Who doesn’t wish they could have one last opportunity to say the things that went unsaid, to ask the questions. As difficult as it was, I consider it one of life’s greatest gifts that I was with my mother, holding her hand, when she took her last breath. She had been in a coma for a few days and the last words she spoke to me were “Go home, Barbara, you’ve been here all day.”

If I had to choose three words to describe my mom, they would be young at heart. I’m pretty certain everyone that knew her would agree. Happy birthday, Mom.

Love,
Barbara

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9 Comments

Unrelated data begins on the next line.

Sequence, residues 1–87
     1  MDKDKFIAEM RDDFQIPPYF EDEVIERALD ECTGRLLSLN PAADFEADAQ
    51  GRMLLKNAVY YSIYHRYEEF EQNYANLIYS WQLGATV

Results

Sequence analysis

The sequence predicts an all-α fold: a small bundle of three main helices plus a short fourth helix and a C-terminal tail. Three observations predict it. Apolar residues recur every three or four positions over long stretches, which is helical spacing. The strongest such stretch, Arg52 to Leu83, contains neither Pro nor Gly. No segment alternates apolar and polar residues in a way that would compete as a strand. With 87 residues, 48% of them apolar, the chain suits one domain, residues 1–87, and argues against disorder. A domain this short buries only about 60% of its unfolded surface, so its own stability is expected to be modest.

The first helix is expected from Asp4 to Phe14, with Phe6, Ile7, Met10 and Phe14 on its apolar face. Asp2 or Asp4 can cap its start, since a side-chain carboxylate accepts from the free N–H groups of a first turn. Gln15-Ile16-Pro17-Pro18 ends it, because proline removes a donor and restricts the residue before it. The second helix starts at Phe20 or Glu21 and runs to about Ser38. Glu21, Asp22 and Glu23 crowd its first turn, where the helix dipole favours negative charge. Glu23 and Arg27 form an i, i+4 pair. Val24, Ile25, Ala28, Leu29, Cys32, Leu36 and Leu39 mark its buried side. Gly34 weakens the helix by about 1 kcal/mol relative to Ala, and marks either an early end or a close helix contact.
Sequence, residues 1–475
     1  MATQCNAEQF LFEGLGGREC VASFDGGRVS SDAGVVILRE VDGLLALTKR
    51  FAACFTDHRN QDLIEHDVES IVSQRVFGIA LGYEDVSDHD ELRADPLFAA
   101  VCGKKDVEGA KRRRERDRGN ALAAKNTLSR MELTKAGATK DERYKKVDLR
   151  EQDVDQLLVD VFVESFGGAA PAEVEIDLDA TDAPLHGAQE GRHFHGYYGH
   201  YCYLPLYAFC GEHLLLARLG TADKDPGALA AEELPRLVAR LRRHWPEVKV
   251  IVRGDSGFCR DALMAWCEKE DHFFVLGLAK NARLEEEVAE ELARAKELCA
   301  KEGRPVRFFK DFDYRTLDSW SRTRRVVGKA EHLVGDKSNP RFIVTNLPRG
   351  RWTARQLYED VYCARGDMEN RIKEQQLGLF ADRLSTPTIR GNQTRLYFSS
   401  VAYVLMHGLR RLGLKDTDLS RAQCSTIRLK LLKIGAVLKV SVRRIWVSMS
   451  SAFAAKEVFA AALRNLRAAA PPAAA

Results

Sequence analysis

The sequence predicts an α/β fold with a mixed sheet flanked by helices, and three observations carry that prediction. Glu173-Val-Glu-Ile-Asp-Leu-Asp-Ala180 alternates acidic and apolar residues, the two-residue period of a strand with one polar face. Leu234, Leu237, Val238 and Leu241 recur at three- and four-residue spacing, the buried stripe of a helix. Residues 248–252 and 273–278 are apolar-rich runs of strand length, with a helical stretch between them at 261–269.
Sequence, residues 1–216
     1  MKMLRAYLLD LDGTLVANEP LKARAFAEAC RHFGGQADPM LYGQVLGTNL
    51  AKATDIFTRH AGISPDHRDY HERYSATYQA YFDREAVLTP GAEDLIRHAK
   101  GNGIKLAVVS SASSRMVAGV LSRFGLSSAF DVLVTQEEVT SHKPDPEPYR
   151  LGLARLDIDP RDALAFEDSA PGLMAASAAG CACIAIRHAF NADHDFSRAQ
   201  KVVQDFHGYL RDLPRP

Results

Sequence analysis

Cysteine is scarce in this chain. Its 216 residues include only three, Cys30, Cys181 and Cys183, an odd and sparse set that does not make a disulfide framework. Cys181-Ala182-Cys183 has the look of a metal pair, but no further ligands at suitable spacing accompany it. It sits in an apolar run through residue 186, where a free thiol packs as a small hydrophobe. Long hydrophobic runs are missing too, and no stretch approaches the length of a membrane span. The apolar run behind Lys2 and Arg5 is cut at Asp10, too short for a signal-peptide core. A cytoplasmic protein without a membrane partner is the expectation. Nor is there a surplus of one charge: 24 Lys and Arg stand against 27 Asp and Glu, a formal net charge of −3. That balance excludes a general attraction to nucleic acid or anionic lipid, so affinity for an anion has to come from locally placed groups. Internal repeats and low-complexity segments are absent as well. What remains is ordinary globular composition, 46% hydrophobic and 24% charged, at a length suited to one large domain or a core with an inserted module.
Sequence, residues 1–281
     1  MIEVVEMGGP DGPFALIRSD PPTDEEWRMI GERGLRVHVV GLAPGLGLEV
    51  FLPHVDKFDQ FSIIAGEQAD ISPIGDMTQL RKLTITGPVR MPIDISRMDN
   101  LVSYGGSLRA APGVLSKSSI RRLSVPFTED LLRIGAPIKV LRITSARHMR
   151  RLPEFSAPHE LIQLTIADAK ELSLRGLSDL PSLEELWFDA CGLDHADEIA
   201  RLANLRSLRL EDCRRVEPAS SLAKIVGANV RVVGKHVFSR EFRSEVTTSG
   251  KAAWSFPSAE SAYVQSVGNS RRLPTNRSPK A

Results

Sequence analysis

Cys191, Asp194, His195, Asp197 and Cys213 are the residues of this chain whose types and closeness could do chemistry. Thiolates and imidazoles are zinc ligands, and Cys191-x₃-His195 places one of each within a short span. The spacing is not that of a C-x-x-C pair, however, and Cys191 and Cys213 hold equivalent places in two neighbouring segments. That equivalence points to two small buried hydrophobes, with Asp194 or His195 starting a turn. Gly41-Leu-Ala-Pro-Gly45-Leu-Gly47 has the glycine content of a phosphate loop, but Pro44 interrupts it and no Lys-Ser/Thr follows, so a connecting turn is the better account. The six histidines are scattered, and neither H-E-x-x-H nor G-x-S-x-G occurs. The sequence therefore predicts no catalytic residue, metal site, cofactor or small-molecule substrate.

1. Rachel

    Barbara- What a wonderful tribute to Bernie! I still remember her spirt, and I love your ability to put it into words. I also love that you delved back into her past, something that children seldom do with their parents. She maintained such a great attitude in the face of hardship. I’m sure that she saw a lot of herself (the spunk, emotion and love of reading) in you. I especially loved the part about your “letters of apology”! I hope that you saved some of those.

    Happy Birthday, Bernie!!!

    • Ahh, Rachel. Of course you get this. You are so much a part of our family and my mom loved watching you grow as much as her own grandchildren. Thank you for the kind words and for seeing “the big picture”. Yes, I have one of the infamous letters! xoxo

  2. Amanda